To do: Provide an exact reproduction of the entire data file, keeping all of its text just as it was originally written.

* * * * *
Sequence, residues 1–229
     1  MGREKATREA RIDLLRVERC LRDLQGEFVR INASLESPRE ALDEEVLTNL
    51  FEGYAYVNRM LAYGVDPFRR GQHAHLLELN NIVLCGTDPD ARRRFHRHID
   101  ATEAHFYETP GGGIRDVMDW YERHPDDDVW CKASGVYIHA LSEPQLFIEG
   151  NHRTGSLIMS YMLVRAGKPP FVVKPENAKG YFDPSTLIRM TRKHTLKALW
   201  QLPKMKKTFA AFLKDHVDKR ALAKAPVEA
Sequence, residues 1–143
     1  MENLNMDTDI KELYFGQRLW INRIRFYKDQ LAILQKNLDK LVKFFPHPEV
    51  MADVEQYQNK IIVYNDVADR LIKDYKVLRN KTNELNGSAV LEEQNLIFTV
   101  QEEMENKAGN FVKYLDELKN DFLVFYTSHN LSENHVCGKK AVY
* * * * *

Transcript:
Sequence, residues 1–229
     1  MGREKATREA RIDLLRVERC LRDLQGEFVR INASLESPRE ALDEEVLTNL
    51  FEGYAYVNRM LAYGVDPFRR GQHAHLLELN NIVLCGTDPD ARRRFHRHID
   101  ATEAHFYETP GGGIRDVMDW YERHPDDDVW CKASGVYIHA LSEPQLFIEG
   151  NHRTGSLIMS YMLVRAGKPP FVVKPENAKG YFDPSTLIRM TRKHTLKALW
   201  QLPKMKKTFA AFLKDHVDKR ALAKAPVEA
Sequence, residues 1–143
     1  MENLNMDTDI KELYFGQRLW INRIRFYKDQ LAILQKNLDK LVKFFPHPEV
    51  MADVEQYQNK IIVYNDVADR LIKDYKVLRN KTNELNGSAV LEEQNLIFTV
   101  QEEMENKAGN FVKYLDELKN DFLVFYTSHN LSENHVCGKK AVY